Second rib (2 sites, left and right): Just below the clavicle (collarbone) at approximately the mid point
- Lateral epicondyle (2 sites, left and right): the bony prominence of the wrist
- Gluteal (2 sites, left and right): In the upper and outer areas of the bottom
- Greater trochanter (2 sites, left and right): the bony prominence of the hip
- Knee (2 sites, left and right): On the inner side of the knee
Please refer to page 2 of the Canadian Consensus Document of Clinical Guidelines for FMS (http://sacfs.asn.au/download/consensus_overview_fms.pdf ) for a diagram and further details of these sites.
3. Additional signs and symptoms which often present in FMS, but it is rare that they are ALL present.
- There may be a presence of neurological manifestations; dysfunction involving muscles, asymmetry of musculo-skeletal structure, which may affect balance or gait; abnormal muscle twitching, muscular cramping, muscle weakness. Sensory overload phenomena also often occur
- There is often a presence of neurocognitive manifestations; impaired concentration, impaired short term memory, difficulty multitasking, or easy distractibility.
There is a persistent, REACTIVE fatigue, which may impair physical and mental stamina, which often interferes with a patient’s ability to exercise.
- Many people with FMS experience non refreshing sleep, awaking during the night, insomnia, restless leg syndrome.
- There are also autonomic and/or neuroendocrine manifestations, such as cardiac arrhythmias, hypotension, vertigo, temperature instability and/or intolerance, respiratory disturbances, intestinal and bladder motility disturbances with or without irritable bowel or bladder dysfunction, dysmenorrhea, loss of adaptability and tolerance for stress, emotional flattening, lability, and/or reactive depression.
So what do we do with this information? As suggested in earlier blog entries, print off copies of this document and familiarise yourself with the parts that you think may affect you. As with ME/CFS, and all other diseases and disabilities, you are the key person in your medical team. There may also be a requirement for you to be a source of education to the medical professionals whom you have 'nominated' to work with you towards maintaining a level of health and wellbeing. As much as possible, try not to be a passive observer in your health management. Take a copy of this document with you next time you visit your doctor or medical professional and ask for an opportunity to discuss it. Ask your doctor to support you to draw up a plan of how you aim to manage this disease, with reference to some of the different areas discussed in the Canadian Consensus Document. This will provide you with a level of 'control' over symptom management and treatment, and allows you the opportunity to coordinate the different interventions you may choose to use, such as homeopathy or natropathy, physical therapy, orthodox medicine, and even dental care.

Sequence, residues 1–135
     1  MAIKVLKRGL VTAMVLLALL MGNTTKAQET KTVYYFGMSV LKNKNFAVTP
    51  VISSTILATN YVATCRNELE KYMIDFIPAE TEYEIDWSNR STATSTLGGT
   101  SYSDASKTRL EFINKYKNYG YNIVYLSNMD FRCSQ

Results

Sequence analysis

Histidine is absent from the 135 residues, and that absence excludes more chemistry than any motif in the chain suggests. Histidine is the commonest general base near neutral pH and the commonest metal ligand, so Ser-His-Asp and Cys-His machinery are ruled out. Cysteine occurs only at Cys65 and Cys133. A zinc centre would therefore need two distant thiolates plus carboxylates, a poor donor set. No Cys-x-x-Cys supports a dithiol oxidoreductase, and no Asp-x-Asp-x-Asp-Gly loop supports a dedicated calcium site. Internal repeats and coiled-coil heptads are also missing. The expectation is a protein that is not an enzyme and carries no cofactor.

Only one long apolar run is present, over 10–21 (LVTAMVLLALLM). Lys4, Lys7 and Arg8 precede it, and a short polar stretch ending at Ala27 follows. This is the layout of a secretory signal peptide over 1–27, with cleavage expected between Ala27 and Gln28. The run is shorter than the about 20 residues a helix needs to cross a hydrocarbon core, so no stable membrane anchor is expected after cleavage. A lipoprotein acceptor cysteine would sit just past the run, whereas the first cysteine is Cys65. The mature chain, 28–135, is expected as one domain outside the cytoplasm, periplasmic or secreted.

Please feel free to contact me if you have any suggestions, if you have something you want to see added to this blog, or, of course, changed. I am also looking for other people who may wish to write a bit here also (remember, all of us have different perspectives, expeiences or things we are interested in learning more about - unfortunatly, I don't always have the answers or the information!!). Also, share this blog, or the information within it (provided you reference resources appropriately). The more we can continue to educate ouselves and unite as a group of individuals promoting awareness of CFS/ME (and other invisible diseases), the closer we get to appropriate healthcare management and treatment.